The Conjuring

Musical Score By: Joseph Bishara

Distributed by: La-La Land Records

Reviewed by Melissa Minners


                Based on a true story, The Conjuring stars Lili Taylor and Ron Livingston as Carolyn and Roger Perron, a married couple who move into a dilapidated farmhouse in Harrisville, Rhode Island with their five daughters in 1971.  Shortly after moving in, the Perrons realize that this house is anything but normal, especially after the death of their dog and Carolyn being locked inside the cellar while a womanly spirit attacks one of her daughters.  They call on paranormal investigators Ed and Lorraine Wilson (Patrick Wilson and Vira Farmiga) to help them take back control of their home.

                The musical score of The Conjuring was created by American composer Joseph Bishara, who began his career in music playing guitars and keyboards for the Los Angeles industrial metal band Drown.  He followed this up with work on such notable movie soundtracks as Mortal Kombat: Annihilation, Heavy Metal 2000 and John Carpenter's Ghosts of Mars.  He has contributed mixes to a variety of notable artists, including Marilyn Manson and Nine Inch Nails, and has created musical scores for a number of horror film scores such as 11-11-11, Night of the Demons, Insidious and more.

                The music of The Conjuring appears to be composed around the visuals of the film and used as sound effects to enhance scary scenes.  About six minutes into the soundtrack (Clap Game), I nearly jumped out of my seat at the surprising cacophony that screamed out of my speakers.  Bishara uses loud music, screeching violin strings, anguished voices, screams and an ominous noise that sounds like bass drum mallets beating sheet metal to scare the living daylights out of his listeners.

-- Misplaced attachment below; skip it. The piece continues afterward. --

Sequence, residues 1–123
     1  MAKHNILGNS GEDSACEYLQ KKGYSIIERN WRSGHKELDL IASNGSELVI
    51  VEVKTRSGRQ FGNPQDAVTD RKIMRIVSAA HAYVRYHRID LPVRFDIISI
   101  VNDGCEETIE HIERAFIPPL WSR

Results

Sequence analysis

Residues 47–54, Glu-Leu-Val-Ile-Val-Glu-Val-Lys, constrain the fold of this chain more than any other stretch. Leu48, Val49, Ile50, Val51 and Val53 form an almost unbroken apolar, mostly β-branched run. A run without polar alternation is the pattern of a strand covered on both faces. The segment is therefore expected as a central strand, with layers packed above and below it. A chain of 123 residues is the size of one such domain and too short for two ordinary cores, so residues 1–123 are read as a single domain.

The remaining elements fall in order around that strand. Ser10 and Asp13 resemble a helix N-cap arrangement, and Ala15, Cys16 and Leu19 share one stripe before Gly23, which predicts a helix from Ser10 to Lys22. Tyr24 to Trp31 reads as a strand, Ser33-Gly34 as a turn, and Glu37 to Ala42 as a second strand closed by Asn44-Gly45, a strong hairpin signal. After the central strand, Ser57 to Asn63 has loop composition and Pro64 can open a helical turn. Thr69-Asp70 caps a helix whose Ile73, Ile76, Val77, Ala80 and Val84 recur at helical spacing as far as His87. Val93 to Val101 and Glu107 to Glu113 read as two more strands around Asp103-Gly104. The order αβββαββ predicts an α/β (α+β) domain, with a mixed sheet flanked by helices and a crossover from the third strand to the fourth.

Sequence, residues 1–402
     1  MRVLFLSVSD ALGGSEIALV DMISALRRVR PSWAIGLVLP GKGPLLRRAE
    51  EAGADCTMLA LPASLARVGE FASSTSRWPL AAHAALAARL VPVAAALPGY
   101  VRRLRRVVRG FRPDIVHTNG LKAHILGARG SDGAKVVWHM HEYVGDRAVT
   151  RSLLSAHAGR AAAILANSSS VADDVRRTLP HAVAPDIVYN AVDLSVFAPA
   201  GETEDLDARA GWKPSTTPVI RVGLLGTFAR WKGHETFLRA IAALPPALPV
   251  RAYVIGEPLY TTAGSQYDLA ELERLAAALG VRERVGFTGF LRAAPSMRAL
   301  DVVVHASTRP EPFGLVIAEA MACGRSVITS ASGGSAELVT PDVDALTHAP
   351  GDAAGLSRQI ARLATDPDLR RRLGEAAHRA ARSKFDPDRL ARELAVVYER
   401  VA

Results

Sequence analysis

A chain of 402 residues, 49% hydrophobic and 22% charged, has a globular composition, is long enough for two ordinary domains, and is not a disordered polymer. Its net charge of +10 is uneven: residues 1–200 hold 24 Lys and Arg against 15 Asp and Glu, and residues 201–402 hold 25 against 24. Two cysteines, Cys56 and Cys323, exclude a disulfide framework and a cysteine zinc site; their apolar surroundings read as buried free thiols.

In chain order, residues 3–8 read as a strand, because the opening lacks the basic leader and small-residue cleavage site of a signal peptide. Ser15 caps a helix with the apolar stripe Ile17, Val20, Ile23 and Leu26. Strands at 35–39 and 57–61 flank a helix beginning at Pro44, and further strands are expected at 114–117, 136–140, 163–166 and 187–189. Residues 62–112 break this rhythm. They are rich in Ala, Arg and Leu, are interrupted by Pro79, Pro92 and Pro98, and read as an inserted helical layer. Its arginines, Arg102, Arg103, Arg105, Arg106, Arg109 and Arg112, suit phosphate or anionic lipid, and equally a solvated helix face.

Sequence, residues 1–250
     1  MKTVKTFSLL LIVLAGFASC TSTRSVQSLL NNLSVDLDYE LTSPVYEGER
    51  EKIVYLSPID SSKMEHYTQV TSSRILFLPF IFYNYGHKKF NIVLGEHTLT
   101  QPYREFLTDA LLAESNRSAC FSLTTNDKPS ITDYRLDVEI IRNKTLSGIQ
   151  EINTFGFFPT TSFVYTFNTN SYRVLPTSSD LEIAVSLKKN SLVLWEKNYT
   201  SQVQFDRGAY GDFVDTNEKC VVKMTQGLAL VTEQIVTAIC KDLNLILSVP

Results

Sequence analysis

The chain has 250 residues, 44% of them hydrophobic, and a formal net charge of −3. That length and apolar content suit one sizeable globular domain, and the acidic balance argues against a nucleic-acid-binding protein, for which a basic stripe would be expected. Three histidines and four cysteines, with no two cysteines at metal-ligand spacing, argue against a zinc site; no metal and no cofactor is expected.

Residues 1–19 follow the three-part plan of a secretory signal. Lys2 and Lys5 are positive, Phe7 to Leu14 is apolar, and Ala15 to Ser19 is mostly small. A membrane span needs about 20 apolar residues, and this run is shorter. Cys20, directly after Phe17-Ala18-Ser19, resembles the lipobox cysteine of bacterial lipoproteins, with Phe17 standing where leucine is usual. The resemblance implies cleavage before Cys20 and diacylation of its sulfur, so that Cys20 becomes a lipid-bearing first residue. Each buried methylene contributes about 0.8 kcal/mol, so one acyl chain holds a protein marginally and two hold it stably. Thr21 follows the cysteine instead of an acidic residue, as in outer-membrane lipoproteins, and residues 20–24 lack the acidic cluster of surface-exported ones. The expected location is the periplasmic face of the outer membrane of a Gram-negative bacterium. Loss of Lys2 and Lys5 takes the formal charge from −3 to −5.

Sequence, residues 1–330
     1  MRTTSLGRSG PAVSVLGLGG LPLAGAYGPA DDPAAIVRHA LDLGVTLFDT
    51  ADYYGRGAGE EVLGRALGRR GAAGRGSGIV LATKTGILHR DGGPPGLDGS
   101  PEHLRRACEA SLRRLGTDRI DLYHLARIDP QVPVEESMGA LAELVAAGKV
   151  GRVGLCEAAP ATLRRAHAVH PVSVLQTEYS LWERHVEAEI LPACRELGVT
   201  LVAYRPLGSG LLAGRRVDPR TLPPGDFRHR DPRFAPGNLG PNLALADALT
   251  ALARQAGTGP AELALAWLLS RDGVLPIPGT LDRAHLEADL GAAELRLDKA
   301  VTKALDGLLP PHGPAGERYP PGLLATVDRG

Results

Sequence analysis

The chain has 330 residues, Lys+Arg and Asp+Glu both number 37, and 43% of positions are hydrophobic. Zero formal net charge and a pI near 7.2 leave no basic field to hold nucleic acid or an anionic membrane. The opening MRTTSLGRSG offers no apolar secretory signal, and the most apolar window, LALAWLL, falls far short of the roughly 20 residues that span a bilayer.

While I can't deny that the music created by Joseph Bishara is probably perfect for the movie, serving as added special effects designed to thoroughly terrify the audience, I can't exactly recommend The Conjuring Soundtrack to your average music aficionado.  To me, there really isn't any tangible music on this album.  That being said, I can't imagine anyone wanting to add The Conjuring Soundtrack to their movie score collection, other than to use it to accompany haunted house effects during Halloween


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